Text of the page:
JOHANNESBURG (Reuters) - The chief executive of South Africa’s Eskom said on Thursday the state utility needed to more than halve its debt to 200 billion rand ($11.2 billion) to become financially sustainable and put an end to recurring government bailouts.
But Andre de Ruyter, who took the reins at the struggling power firm five months ago, told Reuters in an interview following a conference call with reporters that he wasn’t planning restructuring talks with bondholders.
Instead Eskom would seek to “opportunistically” lower borrowing costs when its current debt matures and explore “green financing” options as it retires some of its older coal-fired power stations, he said.
Eskom has been mired in financial crisis for years, as it doesn’t generate enough earnings to meet its debt costs.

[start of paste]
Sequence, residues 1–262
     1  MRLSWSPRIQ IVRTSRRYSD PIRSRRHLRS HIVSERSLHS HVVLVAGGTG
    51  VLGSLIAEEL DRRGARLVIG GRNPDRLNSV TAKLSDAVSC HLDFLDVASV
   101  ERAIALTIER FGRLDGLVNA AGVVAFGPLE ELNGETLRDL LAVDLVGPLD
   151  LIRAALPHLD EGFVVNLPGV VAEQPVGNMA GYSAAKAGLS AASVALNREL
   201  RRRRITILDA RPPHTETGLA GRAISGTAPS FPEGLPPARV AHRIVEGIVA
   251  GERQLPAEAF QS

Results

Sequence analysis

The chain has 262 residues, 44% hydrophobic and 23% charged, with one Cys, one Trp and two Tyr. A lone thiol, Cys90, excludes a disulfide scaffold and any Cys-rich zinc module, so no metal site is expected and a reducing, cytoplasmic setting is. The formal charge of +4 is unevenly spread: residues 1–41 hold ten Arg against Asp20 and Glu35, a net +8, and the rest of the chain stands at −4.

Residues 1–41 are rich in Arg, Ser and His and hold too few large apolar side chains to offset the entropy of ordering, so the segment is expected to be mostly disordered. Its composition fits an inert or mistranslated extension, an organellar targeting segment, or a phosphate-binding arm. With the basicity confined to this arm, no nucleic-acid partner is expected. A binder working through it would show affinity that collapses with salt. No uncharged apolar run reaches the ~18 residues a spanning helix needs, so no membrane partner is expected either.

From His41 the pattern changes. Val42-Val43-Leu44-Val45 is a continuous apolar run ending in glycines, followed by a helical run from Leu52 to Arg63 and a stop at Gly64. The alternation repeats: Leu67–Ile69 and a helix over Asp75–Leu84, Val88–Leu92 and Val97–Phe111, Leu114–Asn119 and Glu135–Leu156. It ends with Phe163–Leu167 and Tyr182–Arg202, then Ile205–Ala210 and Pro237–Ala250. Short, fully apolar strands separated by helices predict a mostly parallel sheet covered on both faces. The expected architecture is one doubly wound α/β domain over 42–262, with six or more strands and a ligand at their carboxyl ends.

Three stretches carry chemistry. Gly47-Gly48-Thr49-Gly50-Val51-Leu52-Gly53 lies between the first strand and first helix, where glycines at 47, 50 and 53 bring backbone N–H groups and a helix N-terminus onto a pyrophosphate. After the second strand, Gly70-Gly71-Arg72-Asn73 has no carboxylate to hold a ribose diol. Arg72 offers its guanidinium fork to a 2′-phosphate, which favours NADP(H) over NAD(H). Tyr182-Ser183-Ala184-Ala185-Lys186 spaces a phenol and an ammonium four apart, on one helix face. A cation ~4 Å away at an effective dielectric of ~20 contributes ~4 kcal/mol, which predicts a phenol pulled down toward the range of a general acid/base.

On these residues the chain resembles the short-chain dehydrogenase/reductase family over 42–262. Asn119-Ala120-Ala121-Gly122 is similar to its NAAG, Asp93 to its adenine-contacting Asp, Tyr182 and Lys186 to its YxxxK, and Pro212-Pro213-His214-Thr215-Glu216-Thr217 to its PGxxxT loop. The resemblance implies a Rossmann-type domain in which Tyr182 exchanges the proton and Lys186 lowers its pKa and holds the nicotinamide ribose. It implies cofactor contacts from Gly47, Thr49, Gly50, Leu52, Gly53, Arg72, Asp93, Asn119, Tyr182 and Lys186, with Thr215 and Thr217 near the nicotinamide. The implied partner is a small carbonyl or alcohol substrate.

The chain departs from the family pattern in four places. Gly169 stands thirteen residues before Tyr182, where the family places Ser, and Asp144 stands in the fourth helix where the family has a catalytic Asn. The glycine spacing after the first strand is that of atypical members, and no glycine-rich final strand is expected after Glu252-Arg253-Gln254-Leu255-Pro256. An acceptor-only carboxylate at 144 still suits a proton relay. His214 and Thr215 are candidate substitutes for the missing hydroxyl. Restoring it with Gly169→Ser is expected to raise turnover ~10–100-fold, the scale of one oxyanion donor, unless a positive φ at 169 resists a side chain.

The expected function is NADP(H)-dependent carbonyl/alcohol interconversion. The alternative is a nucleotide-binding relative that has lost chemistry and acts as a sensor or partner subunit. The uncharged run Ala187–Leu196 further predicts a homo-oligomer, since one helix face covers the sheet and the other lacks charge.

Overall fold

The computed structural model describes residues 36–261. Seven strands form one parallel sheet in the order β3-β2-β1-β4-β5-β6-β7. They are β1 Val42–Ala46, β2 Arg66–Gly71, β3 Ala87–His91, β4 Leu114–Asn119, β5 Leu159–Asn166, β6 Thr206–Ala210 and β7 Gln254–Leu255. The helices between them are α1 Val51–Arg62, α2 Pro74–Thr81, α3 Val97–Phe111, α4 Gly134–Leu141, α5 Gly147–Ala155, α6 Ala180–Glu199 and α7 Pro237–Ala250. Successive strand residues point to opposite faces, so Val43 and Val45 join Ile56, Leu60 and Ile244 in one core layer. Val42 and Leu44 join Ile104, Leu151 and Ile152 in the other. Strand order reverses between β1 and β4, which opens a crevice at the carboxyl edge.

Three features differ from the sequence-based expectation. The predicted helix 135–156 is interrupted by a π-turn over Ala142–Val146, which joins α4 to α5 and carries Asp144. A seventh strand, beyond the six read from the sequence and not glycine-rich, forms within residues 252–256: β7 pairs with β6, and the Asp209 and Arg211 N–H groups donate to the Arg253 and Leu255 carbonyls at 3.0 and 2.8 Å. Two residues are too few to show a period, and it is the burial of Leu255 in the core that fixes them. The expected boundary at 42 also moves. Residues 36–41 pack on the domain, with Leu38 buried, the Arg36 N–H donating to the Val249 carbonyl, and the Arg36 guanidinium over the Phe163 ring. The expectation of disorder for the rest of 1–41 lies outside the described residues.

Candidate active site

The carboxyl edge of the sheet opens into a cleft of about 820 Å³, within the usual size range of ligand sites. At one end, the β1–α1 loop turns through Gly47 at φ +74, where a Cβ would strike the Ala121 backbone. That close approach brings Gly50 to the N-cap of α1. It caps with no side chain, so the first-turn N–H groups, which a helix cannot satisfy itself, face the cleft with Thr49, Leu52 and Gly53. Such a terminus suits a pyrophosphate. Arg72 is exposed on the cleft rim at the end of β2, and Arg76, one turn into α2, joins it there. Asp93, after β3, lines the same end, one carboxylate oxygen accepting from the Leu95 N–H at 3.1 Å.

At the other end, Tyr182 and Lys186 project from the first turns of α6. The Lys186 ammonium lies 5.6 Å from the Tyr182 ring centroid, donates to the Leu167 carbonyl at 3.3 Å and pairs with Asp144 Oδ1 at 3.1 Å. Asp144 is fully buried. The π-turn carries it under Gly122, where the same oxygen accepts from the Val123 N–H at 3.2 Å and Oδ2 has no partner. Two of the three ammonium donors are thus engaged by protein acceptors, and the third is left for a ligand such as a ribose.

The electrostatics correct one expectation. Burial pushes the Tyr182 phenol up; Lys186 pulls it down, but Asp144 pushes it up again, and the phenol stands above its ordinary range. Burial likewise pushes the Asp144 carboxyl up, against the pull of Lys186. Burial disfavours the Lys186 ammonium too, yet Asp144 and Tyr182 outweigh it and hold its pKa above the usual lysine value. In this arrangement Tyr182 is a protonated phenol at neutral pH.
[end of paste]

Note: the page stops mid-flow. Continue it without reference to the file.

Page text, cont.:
Its 450 billion rand of debt, of which 150 billion is owed to development finance institutions (DFIs) and 240 billion in domestic and foreign bonds, is equivalent to more than 8% of South Africa’s gross domestic product.
It battles to keep the lights on because of faults at its coal fleet, a factor that helped push the country into recession even before the coronavirus crisis struck.
De Ruyter said the 200 billion debt target was a long-term goal but was central to efforts to rescue the century-old company, which produces more than 90% of the power in Africa’s most industrialised economy.
He said there was “significant appetite” from DFIs to support lowering emissions through discounted financing and that he would speak to Italy’s Enel about its experience of issuing green bonds.
The former Nampak executive said Eskom would start a “renegotiation process” with independent power producers to try to lower electricity costs for consumers.
Eskom’s problems are among the biggest challenges for President Cyril Ramaphosa, who has been trying to rebuild investor confidence after a decade of scandals and policy missteps under his predecessor, Jacob Zuma.
($1 = 17.9446 rand)
Editing by Olivia Kumwenda-Mtambo, Edmund Blair, Jason Neely and Emelia Sithole-Matarise